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Ralph Vaughan Williams
Ralph Vaughan Williams photo

‘No one composer can fully cater to all one's moods...but Vaughan Williams's music comes closest to being the perfect companion on that mythical desert island.’
Alain Frogley, BBC Music Magazine

‘It is time to forget about nationalism and parochialism and to listen to the music of Vaughan Williams with new ears. The rewards are immeasurable.’
Michael Kennedy


Ralph Vaughan Williams was born in Down Ampney, Gloucestershire on 12 October 1872. He was related to the Darwin and Wedgwood families and grew up in an atmosphere of Liberalism, where he was encouraged to pursue his musical interests.

He read History at Cambridge and went to the Royal College of Music where his teachers were Parry, Wood, and Stanford. He then went on to study with Bruch in Berlin, and Ravel in Paris.

Vaughan Williams's wide-ranging musical activities greatly enhanced English musical life but they have also contributed to the mistaken view that his compositional work was in some way parochial. He believed in the value of music education and wrote practical competition pieces, serviceable church music, and with the 49th Parallel (1940-41) he found a new outlet in writing for film. His profoundly disturbing Symphony No.6 (1948) received international acclaim with more than a hundred performances in a little over two years.

Although one of his first works to achieve success, Norfolk Rhapsody No.1 (1906), makes use of folksong, he rarely incorporated such material directly into his orchestral and instrumental compositions. However, his enthusiasm for folksong (he collected over 800 examples) undoubtedly influenced his compositional language, as did his interest in Elizabethan and Jacobean music.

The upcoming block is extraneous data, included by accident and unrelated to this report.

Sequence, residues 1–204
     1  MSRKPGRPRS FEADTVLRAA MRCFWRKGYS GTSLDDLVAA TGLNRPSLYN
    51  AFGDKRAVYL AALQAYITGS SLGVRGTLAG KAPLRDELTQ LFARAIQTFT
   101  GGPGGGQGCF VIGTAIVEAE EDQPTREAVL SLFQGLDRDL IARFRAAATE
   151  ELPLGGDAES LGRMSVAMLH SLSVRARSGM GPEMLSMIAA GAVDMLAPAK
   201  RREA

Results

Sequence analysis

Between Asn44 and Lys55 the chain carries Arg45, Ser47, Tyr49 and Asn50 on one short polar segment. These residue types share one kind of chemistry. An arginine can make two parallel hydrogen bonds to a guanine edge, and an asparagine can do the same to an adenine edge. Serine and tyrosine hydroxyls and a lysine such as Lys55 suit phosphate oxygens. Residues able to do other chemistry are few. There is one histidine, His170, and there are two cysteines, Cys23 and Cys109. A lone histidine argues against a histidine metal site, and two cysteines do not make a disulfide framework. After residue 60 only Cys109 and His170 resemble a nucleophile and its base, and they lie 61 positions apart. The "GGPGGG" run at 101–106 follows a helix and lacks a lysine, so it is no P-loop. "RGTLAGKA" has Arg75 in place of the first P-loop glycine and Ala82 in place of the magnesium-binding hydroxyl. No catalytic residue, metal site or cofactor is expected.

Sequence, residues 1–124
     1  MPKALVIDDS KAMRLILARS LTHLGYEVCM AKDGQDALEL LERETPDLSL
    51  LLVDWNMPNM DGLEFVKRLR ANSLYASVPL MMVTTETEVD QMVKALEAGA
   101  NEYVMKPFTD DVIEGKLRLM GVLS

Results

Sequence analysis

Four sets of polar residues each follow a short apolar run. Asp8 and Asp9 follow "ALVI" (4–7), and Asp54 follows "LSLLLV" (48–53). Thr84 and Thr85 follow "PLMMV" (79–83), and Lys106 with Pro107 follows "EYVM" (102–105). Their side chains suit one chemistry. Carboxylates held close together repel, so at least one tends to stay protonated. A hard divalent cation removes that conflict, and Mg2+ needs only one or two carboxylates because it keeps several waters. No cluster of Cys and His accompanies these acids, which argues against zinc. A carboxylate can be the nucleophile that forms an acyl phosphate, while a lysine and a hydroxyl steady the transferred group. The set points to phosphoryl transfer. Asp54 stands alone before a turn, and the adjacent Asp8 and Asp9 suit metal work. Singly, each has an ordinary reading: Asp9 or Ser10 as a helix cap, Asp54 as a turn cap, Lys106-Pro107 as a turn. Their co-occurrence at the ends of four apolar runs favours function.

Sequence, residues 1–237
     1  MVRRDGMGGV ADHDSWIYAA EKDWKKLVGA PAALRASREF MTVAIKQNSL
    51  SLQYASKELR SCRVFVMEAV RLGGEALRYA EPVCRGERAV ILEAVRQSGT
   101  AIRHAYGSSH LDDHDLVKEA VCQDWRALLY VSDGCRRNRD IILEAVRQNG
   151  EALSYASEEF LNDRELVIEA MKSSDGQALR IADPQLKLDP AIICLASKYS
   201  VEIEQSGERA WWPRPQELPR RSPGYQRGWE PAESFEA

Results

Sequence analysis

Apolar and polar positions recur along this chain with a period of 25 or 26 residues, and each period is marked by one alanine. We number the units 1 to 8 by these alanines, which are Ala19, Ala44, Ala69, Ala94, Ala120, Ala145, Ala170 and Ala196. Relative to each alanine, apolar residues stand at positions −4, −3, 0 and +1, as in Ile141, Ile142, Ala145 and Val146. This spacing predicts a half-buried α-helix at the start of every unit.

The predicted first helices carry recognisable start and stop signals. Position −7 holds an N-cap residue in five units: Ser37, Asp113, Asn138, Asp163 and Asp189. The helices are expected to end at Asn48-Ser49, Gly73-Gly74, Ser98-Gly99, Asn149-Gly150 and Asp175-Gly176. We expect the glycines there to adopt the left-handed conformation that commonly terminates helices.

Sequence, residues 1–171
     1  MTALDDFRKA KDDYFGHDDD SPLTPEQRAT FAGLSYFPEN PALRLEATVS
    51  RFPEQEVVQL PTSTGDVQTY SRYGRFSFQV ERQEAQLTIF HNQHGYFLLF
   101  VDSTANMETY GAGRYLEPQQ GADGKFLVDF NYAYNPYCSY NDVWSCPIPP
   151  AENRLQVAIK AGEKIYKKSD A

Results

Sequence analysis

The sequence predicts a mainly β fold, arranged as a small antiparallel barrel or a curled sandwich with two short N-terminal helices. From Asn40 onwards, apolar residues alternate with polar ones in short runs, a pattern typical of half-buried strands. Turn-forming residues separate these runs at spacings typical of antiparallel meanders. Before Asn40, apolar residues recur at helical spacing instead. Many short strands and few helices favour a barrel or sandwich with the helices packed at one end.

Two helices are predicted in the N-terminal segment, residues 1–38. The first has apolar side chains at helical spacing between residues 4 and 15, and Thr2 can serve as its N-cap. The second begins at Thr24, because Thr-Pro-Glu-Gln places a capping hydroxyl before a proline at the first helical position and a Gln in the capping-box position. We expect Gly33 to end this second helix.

His great sensitivity to the 20th-century human condition, his flexibility in writing for all levels of music making, and his unquestionably great imagination combine to make him one of the key figures in 20th century music.

Vaughan Williams died on 26 August 1958 and his ashes were interred at Westminster Abbey. In 2008 the fiftieth anniversary of his death is being commemorated by numerous performances and recordings worldwide, as well as the release of a film on his life, O thou Transcendent, by Tony Palmer.

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A Choral Flourish
Vocal score
Ralph Vaughan Williams
978-0-19-385383-6
Paperback
01 November 1956
£1.85
A Little Piano Book
Ralph Vaughan Williams
978-0-19-373956-7
Paperback
31 January 1985
£9.75
A Song of Thanksgiving
Conductor's score and parts on hire - reduced scoring
Ralph Vaughan Williams
978-0-19-339456-8
20 June 1996
Available on Hire
A Song of Thanksgiving
Conductor's score and parts on hire - full orchestra version
Ralph Vaughan Williams
978-0-19-339457-5
31 March 1969
Available on Hire
A Song of Thanksgiving
Vocal score
Ralph Vaughan Williams
978-0-19-387087-1
Paperback
24 May 1945
£7.50
A Vaughan Williams Organ Album
Ralph Vaughan Williams
978-0-19-385014-9
Paperback
10 February 2005
£13.50
Vocal score
Ralph Vaughan Williams
978-0-19-385678-3
Paperback
28 May 1992
£5.75
Vocal score
Ralph Vaughan Williams
978-0-19-380332-9
Paperback
08 September 1938
£2.60
All hail the power
Conductor's score and parts on hire
Ralph Vaughan Williams
978-0-19-354681-3
31 March 1969
Available on Hire
An Acre of Land
From 'Folk Songs of the Four Seasons'
Vocal score
Ralph Vaughan Williams
978-0-19-385363-8
Paperback
22 February 2007
£1.85
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